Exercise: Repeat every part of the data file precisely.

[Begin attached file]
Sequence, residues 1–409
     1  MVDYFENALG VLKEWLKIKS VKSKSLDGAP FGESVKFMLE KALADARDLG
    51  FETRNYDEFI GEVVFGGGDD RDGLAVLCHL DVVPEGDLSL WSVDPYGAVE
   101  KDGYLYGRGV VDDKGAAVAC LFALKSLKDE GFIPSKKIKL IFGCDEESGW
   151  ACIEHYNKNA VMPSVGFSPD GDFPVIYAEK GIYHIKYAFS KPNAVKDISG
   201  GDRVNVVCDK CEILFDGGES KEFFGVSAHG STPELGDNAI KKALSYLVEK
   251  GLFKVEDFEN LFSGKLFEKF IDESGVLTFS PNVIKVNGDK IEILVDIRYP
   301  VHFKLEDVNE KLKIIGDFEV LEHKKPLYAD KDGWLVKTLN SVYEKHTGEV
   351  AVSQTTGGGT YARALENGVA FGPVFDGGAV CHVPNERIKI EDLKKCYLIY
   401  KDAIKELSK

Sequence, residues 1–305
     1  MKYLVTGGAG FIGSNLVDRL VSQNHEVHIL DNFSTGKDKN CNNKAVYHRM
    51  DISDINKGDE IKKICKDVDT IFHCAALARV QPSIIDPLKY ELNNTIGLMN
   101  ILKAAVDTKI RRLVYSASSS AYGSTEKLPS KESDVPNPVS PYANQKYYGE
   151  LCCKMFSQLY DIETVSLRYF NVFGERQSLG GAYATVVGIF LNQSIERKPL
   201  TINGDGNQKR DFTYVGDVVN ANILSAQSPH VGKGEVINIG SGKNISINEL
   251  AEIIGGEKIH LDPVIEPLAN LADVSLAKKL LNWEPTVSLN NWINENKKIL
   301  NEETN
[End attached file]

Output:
Sequence, residues 1–409
     1  MVDYFENALG VLKEWLKIKS VKSKSLDGAP FGESVKFMLE KALADARDLG
    51  FETRNYDEFI GEVVFGGGDD RDGLAVLCHL DVVPEGDLSL WSVDPYGAVE
   101  KDGYLYGRGV VDDKGAAVAC LFALKSLKDE GFIPSKKIKL IFGCDEESGW
   151  ACIEHYNKNA VMPSVGFSPD GDFPVIYAEK GIYHIKYAFS KPNAVKDISG
   201  GDRVNVVCDK CEILFDGGES KEFFGVSAHG STPELGDNAI KKALSYLVEK
   251  GLFKVEDFEN LFSGKLFEKF IDESGVLTFS PNVIKVNGDK IEILVDIRYP
   301  VHFKLEDVNE KLKIIGDFEV LEHKKPLYAD KDGWLVKTLN SVYEKHTGEV
   351  AVSQTTGGGT YARALENGVA FGPVFDGGAV CHVPNERIKI EDLKKCYLIY
   401  KDAIKELSK

Sequence, residues 1–305
     1  MKYLVTGGAG FIGSNLVDRL VSQNHEVHIL DNFSTGKDKN CNNKAVYHRM
    51  DISDINKGDE IKKICKDVDT IFHCAALARV QPSIIDPLKY ELNNTIGLMN
   101  ILKAAVDTKI RRLVYSASSS AYGSTEKLPS KESDVPNPVS PYANQKYYGE
   151  LCCKMFSQLY DIETVSLRYF NVFGERQSLG GAYATVVGIF LNQSIERKPL
   201  TINGDGNQKR DFTYVGDVVN ANILSAQSPH VGKGEVINIG SGKNISINEL
   251  AEIIGGEKIH LDPVIEPLAN LADVSLAKKL LNWEPTVSLN NWINENKKIL
   301  NEETN